Train that sparked wildfires a worry for Spences Bridge

'I intend to focus on proactive measures of how to prevent these fires in the first place'

Residents of Spences Bridge are taking their railway safety grievances to local and corporate officials but it remains to be seen if they'll be heard.

The breaking point for the community was Aug. 11 when a derailed train rolled six kilometres from Spences Bridge to Gold Pan Provincial Park allegedly sparking three wildfires along the way.

One family was forced to fight back the flames before they engulfed its farm. The structures survived but an entire orchard was lost.

"It's a real concern we're living," said Dwayne Rourke.

Rourke will be moderating a public meeting next Tuesday with an invitation list that includes the area MP, MLA, a Thompson Nicola Regional District official, First Nations chiefs, fire chiefs, CN and CP rail representatives and even Senator Nancy Greene Raine.

So far none has confirmed attendance.

"I just got regrets from CP," said Rourke. "I've asked them if they could explain why they can't possibly send one representative."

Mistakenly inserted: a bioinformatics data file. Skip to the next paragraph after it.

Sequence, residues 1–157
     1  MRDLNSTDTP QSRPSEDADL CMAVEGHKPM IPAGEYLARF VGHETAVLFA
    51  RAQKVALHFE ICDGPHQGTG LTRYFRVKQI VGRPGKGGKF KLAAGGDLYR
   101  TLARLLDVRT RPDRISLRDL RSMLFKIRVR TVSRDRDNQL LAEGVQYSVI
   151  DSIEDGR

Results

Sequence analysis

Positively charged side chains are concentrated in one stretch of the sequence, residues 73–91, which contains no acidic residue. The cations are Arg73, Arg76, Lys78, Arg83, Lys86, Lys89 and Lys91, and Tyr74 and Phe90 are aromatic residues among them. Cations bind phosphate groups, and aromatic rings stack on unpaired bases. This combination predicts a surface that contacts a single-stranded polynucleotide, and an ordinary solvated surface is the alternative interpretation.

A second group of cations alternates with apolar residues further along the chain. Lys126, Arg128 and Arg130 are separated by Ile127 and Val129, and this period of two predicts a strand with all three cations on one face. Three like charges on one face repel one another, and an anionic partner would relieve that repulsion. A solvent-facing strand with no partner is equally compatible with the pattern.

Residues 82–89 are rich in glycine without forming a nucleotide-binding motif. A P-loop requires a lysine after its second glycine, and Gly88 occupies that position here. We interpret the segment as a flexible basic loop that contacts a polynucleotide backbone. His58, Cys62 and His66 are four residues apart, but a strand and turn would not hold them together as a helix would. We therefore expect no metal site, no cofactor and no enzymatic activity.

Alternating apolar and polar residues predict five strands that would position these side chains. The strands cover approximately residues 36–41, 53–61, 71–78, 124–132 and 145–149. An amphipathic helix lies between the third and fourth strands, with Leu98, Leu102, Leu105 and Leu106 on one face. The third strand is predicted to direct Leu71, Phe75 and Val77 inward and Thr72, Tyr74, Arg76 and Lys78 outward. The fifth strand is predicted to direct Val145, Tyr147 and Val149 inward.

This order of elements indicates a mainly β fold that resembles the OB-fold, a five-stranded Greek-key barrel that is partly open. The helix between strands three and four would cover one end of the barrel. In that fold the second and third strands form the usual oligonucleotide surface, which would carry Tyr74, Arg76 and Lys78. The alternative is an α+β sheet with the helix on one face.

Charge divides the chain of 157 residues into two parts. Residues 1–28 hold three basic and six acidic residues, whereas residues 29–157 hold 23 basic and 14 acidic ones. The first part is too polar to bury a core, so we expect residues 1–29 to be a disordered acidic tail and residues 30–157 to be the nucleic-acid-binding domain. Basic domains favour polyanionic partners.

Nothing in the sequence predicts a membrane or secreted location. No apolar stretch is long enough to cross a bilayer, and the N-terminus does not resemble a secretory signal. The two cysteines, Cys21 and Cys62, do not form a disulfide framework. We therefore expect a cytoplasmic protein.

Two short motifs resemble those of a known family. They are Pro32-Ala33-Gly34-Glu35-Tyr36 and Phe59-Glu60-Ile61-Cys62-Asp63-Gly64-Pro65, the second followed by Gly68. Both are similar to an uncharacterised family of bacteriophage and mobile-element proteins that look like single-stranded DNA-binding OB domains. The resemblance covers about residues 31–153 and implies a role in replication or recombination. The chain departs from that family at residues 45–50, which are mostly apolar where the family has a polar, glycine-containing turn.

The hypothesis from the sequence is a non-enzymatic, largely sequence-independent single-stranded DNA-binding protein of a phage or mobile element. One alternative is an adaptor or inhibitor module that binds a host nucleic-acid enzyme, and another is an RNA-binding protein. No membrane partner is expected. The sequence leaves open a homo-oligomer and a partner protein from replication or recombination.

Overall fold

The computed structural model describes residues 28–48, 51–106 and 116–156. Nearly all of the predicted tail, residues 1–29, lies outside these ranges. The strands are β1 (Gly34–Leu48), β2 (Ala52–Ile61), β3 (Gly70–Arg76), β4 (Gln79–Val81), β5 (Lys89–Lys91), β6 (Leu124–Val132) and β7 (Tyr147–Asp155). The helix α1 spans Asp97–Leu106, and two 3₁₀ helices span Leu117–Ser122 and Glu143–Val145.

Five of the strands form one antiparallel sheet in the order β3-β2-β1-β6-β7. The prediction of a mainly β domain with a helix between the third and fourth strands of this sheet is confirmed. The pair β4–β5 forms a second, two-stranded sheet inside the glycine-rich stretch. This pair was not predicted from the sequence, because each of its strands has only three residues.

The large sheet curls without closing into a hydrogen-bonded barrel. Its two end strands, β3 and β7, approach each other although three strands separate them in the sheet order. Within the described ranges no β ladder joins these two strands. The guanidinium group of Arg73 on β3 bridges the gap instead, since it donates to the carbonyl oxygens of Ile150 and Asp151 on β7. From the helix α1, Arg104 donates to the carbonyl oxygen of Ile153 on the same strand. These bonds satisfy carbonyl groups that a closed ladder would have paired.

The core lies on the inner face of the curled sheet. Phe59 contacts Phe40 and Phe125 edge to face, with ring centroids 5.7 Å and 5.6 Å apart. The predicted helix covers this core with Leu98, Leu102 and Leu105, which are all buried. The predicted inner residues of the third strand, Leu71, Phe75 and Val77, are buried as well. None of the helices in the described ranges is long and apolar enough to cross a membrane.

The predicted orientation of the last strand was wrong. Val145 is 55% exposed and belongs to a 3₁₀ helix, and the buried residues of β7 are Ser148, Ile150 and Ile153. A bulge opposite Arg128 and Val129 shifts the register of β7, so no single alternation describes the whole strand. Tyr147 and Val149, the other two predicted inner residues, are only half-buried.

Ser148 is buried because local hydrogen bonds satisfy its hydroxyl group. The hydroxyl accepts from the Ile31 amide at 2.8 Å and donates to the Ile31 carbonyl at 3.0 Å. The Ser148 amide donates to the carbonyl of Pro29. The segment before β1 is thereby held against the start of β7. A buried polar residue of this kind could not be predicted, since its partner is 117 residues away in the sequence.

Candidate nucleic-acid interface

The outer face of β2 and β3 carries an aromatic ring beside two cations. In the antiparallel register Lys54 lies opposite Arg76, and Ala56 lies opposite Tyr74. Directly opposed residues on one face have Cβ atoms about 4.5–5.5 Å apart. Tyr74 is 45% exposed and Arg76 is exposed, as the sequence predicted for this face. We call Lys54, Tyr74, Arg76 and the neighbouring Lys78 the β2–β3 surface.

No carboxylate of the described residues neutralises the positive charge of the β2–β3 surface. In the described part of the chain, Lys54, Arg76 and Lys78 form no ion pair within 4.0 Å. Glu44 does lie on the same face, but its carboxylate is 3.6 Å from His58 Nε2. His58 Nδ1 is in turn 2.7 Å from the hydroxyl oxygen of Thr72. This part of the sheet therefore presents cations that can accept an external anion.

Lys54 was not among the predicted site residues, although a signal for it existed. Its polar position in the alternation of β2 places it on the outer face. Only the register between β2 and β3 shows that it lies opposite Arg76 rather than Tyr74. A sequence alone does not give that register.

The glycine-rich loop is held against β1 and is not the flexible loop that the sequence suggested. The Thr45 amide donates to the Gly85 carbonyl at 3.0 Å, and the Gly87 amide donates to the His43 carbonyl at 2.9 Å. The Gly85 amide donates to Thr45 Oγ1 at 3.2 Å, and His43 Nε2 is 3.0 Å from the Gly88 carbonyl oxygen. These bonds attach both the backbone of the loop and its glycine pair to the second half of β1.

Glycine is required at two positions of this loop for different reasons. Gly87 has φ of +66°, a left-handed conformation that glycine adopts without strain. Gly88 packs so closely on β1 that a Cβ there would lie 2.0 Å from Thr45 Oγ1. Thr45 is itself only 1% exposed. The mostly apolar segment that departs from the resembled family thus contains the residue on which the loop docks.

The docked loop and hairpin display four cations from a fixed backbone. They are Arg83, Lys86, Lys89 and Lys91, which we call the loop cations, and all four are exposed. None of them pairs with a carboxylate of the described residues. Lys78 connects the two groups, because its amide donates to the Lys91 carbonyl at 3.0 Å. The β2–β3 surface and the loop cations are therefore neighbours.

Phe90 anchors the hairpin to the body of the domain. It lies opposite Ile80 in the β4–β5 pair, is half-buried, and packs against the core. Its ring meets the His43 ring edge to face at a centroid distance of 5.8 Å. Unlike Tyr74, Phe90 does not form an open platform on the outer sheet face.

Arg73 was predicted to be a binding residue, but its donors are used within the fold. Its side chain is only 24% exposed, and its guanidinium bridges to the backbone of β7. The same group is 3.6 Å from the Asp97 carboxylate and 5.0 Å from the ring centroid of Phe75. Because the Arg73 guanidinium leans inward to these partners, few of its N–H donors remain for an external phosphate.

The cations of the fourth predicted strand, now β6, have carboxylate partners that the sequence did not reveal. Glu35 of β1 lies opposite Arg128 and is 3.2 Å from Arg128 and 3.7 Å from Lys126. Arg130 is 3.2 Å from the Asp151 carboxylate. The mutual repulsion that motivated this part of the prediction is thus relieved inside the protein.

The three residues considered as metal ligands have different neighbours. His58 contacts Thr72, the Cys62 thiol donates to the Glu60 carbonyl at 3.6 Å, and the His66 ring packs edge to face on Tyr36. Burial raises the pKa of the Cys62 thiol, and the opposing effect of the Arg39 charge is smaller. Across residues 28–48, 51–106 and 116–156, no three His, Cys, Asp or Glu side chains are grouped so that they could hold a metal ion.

There's a glimmer of hope that CN will show up since a staffer has asked for more specifics over the roundtable's agenda.

And Raine's office said it was trying to fit the event into her schedule.

Spences Bridge is known for its raucous meetings, said Rourke. But he intends to keep the blaming to a minimum and focus on solutions.

"I know it's a hot issue. But I intend to focus on proactive measures of how to prevent these fires in the first place."

Locals have a few suggestions such as regularly soaking the ground alongside tracks during peak fire season.

The meeting takes place at Spences Bridge Community Centre at 7 p.m.

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